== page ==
Quality teaching is not the priority under the current model. If that were the first concern, we would openly embrace young teachers who are excelling instead of handing them the first pink slips.

A designated teacher of the year was given a pink slip this year. Why? Because union contracts with some school boards dictate pay and preclude retention of teachers based on success with students. That is ridiculous.

Unfortunately, Arizona will not allow experts in their fields to teach because, while they have a degree or deep knowledge in substantive areas our kids need to learn, they do not have a university degree or training in raw pedagogy.

Graduates in the top echelons of America's most elite schools, experienced business executives and others are not fully certified for lack of an education degree.
We have wonderful sources for more great teachers in proven programs like Teach for America and the Teacher Advancement Program.

Some "fast-track" programs that teach the required pedagogy skills are available to experts in their fields; however, more are necessary to get these experts in front of our state's classrooms. Accountability counts.

In addition, our system does not require adequate accountability of principals and teachers. If Arizona were serious about school achievement, we would allow school leaders to hire and fire the staff at their schools and hold the principal accountable for student progress.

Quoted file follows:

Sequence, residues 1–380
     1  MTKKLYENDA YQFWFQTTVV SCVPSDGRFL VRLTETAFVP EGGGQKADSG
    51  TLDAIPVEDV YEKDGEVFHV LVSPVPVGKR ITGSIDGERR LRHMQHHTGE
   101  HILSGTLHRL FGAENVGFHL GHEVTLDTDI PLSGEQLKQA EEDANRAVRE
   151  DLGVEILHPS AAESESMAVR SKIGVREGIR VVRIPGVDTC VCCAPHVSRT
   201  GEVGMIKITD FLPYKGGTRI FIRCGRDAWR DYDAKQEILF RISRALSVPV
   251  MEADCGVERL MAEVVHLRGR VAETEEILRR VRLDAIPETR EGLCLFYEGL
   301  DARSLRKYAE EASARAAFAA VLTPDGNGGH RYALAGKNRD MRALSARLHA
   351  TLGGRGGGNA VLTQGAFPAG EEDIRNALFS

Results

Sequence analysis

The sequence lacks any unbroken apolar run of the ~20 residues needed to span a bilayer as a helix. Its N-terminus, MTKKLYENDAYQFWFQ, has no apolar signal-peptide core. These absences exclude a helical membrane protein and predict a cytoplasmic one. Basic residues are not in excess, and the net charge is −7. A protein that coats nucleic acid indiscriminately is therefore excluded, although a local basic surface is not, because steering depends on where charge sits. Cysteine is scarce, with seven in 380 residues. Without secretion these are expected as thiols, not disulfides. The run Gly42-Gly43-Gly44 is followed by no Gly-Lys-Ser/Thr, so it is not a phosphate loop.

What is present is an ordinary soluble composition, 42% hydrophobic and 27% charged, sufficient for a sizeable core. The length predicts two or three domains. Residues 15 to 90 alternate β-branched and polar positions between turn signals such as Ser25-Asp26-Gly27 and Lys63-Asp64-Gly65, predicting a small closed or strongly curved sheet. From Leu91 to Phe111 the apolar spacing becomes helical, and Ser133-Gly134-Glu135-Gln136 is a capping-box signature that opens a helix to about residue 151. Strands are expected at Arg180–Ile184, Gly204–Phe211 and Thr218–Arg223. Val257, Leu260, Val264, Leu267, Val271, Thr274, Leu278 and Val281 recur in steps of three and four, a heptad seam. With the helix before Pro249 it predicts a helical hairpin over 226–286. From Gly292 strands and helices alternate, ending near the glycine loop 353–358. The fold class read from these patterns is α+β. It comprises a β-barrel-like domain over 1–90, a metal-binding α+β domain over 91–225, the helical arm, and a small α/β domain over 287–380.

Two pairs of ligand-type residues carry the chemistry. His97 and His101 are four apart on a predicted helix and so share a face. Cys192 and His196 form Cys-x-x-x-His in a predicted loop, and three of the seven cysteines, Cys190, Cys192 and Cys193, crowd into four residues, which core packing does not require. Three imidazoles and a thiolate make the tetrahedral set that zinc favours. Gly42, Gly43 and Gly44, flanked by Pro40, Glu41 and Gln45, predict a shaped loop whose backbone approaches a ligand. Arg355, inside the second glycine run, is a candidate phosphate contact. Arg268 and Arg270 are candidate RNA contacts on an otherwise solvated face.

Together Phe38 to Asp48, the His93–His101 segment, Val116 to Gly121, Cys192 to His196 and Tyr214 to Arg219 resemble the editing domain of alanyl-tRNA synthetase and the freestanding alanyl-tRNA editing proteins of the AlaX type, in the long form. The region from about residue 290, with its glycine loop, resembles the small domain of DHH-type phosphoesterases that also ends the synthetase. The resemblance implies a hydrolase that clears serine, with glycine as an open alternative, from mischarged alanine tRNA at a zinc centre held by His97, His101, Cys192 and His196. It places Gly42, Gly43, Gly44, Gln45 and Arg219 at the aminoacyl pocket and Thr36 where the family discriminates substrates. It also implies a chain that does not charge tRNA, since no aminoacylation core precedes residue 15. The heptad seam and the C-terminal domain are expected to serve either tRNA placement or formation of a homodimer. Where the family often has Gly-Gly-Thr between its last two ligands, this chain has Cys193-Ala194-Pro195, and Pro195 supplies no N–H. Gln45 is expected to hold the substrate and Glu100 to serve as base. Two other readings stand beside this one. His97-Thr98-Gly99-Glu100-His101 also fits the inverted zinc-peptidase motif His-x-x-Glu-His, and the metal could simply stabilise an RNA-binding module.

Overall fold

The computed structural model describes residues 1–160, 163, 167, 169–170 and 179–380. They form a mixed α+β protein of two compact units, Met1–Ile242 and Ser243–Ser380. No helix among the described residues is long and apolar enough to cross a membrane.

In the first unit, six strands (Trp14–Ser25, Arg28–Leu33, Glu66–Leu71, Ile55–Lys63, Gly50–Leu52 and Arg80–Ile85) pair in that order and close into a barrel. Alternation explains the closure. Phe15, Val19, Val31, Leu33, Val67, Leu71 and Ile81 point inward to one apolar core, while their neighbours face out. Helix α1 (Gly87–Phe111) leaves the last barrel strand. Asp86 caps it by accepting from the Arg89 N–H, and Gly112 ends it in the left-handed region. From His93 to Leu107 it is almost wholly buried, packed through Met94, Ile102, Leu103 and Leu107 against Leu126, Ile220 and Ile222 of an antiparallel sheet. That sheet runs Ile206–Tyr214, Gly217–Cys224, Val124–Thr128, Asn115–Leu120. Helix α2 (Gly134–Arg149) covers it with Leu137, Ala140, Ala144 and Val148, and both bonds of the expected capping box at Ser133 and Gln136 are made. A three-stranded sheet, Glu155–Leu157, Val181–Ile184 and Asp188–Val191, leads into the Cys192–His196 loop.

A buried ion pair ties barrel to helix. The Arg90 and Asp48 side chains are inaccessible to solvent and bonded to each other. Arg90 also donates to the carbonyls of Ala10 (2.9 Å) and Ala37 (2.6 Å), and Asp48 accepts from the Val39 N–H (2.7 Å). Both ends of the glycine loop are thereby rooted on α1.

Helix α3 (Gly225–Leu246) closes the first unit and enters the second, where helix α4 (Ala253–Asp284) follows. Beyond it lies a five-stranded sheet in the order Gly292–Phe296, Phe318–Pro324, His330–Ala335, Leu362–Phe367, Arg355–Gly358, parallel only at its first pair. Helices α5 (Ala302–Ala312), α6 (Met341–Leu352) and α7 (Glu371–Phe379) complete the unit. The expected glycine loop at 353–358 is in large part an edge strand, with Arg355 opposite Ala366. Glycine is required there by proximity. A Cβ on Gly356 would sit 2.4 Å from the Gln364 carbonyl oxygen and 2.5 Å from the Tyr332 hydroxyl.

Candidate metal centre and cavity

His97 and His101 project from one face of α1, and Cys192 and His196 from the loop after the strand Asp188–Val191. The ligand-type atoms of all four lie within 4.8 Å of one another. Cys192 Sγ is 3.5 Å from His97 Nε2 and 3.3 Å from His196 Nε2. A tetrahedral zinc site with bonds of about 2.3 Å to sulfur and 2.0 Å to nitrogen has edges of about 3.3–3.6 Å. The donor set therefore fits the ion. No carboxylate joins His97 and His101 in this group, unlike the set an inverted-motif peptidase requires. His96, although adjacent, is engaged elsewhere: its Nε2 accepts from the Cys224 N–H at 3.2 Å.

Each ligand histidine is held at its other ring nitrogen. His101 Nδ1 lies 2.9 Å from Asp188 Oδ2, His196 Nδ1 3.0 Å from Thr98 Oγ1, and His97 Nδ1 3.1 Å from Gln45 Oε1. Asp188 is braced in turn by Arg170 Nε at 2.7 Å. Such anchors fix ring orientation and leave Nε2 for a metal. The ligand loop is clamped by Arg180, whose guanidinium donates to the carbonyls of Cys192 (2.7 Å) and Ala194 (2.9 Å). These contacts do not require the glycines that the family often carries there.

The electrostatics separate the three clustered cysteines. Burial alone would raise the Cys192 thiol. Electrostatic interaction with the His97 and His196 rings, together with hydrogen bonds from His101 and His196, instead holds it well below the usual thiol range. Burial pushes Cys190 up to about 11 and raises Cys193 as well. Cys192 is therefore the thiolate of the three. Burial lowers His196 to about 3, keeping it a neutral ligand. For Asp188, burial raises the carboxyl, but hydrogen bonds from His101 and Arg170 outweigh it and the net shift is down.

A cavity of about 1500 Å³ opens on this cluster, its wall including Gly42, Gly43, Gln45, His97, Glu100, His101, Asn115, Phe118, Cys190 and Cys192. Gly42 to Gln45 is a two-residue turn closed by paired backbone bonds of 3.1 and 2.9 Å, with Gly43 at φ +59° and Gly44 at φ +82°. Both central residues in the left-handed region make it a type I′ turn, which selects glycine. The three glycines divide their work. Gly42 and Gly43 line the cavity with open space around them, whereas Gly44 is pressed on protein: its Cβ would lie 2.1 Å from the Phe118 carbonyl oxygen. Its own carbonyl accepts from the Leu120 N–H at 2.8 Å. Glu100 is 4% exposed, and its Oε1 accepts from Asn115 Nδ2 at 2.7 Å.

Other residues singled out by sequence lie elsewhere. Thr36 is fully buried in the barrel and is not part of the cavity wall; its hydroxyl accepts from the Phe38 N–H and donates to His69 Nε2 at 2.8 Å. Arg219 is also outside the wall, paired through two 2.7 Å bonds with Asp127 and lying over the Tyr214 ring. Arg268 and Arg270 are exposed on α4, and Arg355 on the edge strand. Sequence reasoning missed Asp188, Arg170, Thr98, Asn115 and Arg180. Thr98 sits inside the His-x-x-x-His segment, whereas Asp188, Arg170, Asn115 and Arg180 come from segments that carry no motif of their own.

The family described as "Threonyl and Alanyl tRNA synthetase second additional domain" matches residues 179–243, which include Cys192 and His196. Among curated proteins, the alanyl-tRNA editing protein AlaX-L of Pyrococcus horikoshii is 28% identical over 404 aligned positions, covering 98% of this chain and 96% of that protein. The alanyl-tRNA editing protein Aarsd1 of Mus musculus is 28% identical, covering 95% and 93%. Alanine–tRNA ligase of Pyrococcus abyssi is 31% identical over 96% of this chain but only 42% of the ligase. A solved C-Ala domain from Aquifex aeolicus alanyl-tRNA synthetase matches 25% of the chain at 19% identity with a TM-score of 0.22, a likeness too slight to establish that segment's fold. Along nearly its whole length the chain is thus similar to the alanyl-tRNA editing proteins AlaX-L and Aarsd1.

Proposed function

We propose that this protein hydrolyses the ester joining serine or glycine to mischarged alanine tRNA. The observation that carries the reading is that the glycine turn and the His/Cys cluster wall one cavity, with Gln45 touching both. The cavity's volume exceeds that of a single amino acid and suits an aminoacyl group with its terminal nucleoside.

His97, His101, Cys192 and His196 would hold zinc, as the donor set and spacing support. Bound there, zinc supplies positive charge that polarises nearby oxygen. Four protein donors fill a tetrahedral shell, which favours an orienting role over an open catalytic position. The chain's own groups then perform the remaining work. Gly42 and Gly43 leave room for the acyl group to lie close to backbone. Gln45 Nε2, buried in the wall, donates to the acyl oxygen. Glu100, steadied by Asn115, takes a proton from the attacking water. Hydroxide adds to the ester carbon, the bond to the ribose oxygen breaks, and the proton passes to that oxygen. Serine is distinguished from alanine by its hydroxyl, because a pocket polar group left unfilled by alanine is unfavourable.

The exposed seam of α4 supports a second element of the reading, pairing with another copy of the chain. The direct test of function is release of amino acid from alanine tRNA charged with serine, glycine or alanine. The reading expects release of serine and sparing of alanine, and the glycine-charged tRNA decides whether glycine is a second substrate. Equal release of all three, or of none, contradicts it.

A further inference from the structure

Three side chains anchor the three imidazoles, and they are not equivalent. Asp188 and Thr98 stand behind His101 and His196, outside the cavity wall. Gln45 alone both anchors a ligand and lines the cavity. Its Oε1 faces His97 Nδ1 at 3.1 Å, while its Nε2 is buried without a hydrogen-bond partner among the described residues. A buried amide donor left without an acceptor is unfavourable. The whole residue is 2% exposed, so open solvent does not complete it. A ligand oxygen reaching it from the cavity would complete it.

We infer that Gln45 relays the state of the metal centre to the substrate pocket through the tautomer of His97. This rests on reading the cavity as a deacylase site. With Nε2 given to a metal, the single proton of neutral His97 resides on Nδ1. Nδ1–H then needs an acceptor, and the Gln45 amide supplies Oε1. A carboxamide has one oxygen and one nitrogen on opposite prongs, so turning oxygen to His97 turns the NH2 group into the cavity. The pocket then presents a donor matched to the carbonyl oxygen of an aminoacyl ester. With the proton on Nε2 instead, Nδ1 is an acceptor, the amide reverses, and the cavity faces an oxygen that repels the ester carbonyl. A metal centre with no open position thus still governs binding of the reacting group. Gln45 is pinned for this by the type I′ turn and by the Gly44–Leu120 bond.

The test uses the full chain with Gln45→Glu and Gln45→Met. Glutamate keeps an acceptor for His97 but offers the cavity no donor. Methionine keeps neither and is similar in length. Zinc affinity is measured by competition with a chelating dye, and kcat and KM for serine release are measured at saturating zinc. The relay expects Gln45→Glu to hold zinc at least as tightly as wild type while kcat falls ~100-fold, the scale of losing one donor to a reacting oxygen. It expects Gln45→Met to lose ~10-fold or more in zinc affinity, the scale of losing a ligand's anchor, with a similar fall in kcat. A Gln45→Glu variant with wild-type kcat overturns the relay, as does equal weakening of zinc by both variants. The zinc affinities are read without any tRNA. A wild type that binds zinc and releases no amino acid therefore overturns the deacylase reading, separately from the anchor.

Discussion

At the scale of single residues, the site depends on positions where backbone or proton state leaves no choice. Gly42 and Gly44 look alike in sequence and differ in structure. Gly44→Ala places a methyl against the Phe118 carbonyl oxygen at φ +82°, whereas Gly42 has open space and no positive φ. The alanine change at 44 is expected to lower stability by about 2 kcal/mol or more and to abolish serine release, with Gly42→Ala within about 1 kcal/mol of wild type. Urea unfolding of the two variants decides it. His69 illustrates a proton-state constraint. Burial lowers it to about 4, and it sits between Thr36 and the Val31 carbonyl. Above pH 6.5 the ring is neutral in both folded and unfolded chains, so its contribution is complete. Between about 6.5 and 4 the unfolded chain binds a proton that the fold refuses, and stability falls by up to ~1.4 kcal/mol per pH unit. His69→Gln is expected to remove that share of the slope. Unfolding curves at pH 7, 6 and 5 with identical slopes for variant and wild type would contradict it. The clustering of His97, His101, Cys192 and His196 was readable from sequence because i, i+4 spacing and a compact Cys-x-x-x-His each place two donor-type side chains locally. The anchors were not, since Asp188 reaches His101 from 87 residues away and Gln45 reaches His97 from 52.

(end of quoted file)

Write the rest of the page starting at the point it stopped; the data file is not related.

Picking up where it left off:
The district office determines who has seniority and teachers ask for schools based on seniority. The principal is given little discretion. Laws for teacher dismissal require that we work with failing teachers for about three years before they can be dismissed.

We believe:
• Teachers matter. Enormously.
• Quality instruction matters. Enormously.
• Clear and appropriate academic goals matter.
• Regular assessment of progress matters.
• Gauging teachers by the progress their students make is essential.
• Recruiting academically gifted teachers matters.
• Paying excellent teachers professional salaries and gradually increasing their control over the school environment is critical. Reform works.

We know such reforms work when we look at other states and countries that have focused on improving quality instruction and have revolutionized their educational system.

In 1998, for example, Florida spent about the same per student as Arizona. Floridians adopted a set of reforms similar to those outlined here that created revolutionary improvements in its schools.

Florida's poorest children (free-lunch eligible) alone outscore the statewide average for all Arizona kids, although the two states spend roughly the same amount per student. Florida spends less per dollar of personal income than Arizona.

Percentages of Florida students scoring basic or better on national assessment tests went from 53 percent to 70 percent while Arizona went from 51 percent to 56 percent.
Arizona can have a world-class educational system. But we must implement educational reform that focuses on quality instruction and the other factors outlined above.